A proposal for settlement in Florida can be filed by either party to a lawsuit. A valid proposal can serve to create an opportunity for your client to recover his or her fees incurred in prosecuting or defending a claim where otherwise no contractual or statutory fee claim exists.

What is the deadline to file a proposal for settlement in Florida? ›

The Defendant can file a Proposal for Settlement against the Plaintiff 90 days after the lawsuit was filed with the Court. The deadline for filing Proposals for Settlements for all parties is 45 days before the first day of the trial docket.

What is a Danis offer Florida? ›

As stated in Danis, the purpose of the offer of settlement statute is to ensure that an insured or beneficiary cannot continue to incur attorney's fees and costs after a legitimate offer of settlement.

How does an offer of judgment work in Florida? ›

An offer of judgment is a formal, written proposal made from one party to the other. The offer states the terms at which the party making the offer is willing to resolve the case. The other side has 30 days to accept the offer, or it is considered rejected.

What is a proposed settlement? ›

(6) Proposed settlement . — The term “proposed settlement” means an agreement regarding a class action that is subject to court approval and that, if approved, would be binding on some or all class members.

What does PFS mean in legal terms? ›

PFS means personal financial statement; Sample 1Sample 2Sample 3.

How do you prove reasonableness of attorney fees in Florida? ›

But how is that proven? In Florida, when a party is seeking an award of attorneys' fees, generally, expert testimony is needed to establish the reasonableness of said fees. However, there are certain exceptions. This depends upon the type of case, the court in which the case is filed, and the parties involved.

When can you file offer of judgment Florida? ›

Florida Statute §45.061 – The demand for judgment/settlement cannot be made earlier than sixty (60) days after the service of the complaint and may not be made after sixty (60) days before trial. A counter-offer may be made within forty-five (45) days before trial.

Can a plaintiff make an offer of judgment? ›

It allows a defendant to issue an “offer of judgment” to a plaintiff to settle the case. It is designed to create a pause with the plaintiff to assess her case and decide whether she wants to proceed forward with the litigation or resolve it.

How do you propose a settlement offer? ›

Treat the letter as a contract between you and your creditor. Include your personal information and account number for easy identification. You'll need to outline the amount you can pay and what you expect in return. If you want to propose a good settlement offer, consider offering around 30 percent of what you owe.

Should I accept a settlement agreement? ›

In my experience it is generally not a good idea to reject the offer of a settlement agreement without even trying to negotiate the terms first – unless you make a counter-offer you won't know whether what you want to negotiate is achievable. Almost always try and negotiate the terms first.

How long do you have to accept a PFS in Florida? ›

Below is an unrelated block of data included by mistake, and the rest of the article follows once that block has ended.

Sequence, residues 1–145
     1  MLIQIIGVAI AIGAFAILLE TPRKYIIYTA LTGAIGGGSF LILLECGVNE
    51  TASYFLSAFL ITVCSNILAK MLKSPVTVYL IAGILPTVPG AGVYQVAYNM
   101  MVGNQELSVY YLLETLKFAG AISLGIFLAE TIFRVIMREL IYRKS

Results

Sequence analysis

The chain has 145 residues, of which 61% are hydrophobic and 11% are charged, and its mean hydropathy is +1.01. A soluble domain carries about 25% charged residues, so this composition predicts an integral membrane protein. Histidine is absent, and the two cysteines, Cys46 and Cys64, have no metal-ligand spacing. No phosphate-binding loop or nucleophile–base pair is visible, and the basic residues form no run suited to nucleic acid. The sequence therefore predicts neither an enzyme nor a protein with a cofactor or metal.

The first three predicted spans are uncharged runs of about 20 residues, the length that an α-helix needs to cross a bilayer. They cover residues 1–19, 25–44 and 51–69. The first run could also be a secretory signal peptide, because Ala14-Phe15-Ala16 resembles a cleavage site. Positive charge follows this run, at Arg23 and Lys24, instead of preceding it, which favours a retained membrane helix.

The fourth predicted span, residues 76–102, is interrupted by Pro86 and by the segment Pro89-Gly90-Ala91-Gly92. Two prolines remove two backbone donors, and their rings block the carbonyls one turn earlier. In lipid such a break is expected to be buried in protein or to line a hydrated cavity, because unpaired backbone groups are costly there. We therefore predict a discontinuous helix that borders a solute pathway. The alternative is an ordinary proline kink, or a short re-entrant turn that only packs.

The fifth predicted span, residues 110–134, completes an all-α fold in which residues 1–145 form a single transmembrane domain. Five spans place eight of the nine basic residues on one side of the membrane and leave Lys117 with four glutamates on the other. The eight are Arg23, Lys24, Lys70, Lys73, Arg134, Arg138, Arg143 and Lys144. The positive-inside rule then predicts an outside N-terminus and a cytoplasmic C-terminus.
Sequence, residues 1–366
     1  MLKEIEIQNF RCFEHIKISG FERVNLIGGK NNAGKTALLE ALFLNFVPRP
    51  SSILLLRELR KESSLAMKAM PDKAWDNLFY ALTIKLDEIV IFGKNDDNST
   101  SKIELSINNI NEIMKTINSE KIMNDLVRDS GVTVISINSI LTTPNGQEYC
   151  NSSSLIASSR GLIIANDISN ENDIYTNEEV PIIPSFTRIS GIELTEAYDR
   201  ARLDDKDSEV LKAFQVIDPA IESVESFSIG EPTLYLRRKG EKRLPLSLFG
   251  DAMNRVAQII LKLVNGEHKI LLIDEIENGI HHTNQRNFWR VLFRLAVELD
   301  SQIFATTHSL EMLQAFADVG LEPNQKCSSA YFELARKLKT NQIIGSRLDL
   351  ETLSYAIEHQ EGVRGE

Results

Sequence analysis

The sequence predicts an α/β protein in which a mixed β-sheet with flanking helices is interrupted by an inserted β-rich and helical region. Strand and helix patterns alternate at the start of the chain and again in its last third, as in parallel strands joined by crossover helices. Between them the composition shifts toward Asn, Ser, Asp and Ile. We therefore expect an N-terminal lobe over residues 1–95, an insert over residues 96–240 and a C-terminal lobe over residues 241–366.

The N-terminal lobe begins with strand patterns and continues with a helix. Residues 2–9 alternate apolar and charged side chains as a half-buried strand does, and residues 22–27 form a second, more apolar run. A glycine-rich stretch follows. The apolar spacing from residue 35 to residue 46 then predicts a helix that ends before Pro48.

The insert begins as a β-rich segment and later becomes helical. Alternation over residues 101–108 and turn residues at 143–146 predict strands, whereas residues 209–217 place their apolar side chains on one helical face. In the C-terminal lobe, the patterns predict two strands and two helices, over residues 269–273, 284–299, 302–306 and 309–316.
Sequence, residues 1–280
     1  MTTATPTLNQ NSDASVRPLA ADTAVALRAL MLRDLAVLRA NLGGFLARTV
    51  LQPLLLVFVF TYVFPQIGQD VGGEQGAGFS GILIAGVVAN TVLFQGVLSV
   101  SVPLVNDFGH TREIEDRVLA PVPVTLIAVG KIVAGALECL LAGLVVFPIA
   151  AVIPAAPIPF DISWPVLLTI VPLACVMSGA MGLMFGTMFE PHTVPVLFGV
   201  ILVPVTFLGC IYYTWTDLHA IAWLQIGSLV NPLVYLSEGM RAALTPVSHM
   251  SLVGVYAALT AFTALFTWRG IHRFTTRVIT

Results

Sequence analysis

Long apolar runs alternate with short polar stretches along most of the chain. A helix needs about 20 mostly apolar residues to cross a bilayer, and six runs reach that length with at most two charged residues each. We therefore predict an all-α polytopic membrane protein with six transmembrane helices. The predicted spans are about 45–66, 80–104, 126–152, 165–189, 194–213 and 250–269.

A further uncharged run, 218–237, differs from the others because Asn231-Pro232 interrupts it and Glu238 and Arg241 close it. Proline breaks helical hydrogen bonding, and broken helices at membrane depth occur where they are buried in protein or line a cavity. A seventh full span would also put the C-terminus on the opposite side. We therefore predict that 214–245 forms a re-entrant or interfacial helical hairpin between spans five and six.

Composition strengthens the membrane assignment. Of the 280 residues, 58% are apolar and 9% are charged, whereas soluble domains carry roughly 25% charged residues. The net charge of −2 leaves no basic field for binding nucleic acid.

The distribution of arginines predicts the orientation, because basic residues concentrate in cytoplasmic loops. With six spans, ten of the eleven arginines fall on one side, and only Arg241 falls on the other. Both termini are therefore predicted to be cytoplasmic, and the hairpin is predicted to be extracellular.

A PFS Florida is good for 30 days once delivered to the opposing party. The offeree must accept the settlement within those 30 days, otherwise, the court considers the offer rejected. One party's rejection of a PFS does not preclude later PFSs being made afterward.

What does PFS mean on bank statement? ›

When it comes to long-term financial planning, preparing a Personal Financial Statement (PFS) is one of the best ways to assess your current situation and keep yourself on track to meet goals. The PFS is a relatively simple document that lists what you own (assets) and what you owe (liabilities).

What is plaintiff fact sheet? ›

It is a document where the Plaintiff can record as many events of their own. It helps the attorneys to analyze the case before preparing the case and expert witnesses by giving an outline of the case that is being litigated.

What are reasonable attorney fees in Florida? ›

The typical lawyer in Florida charges between $199 and $420 per hour. Costs vary depending on the type of lawyer, so review our lawyer rates table to find out the average cost to hire an attorney in Florida.

How do I dispute an attorney fee in Florida? ›

The Fee Arbitration Program is an informal, free service provided by The Florida Bar to resolve fee disputes between attorneys and clients and between attorneys. The arbitration process may be initiated by either the client or the attorney and may be used instead of a lawsuit to settle a fee dispute.

Can a defendant claim costs? ›

As the defendant, loss of earnings cannot be recovered as they are not 'expenses properly incurred by him in the proceedings. ' Ordinary witness subsistence allowance and travelling expenses are the only recoverable expenses for a defendant. Other witnesses of fact can claim their expenses in the same way.

Can a Rule 68 offer be withdrawn? ›

This ruling, it is submitted, was clearly correct. Defense counsel argued that offers under Rule 68 are analogous to ordinary offers of contract, and under the time honored rule may be withdrawn at any time prior to acceptance.

Can you make a 998 offer in federal court? ›

In employment cases, either side can issue a 998, but the plaintiff's offer lacks any sharp teeth (only the defendant can issue an offer under the federal counterpart Federal Rules of Civil Procedure Rule 68.). Unlike personal-injury cases, experts are not as common and many cases are tried without expert testimony.

What is the rule of 68? ›

(a) Making an Offer; Judgment on an Accepted Offer. At least 14 days before the date set for trial, a party defending against a claim may serve on an opposing party an offer to allow judgment on specified terms, with the costs then accrued.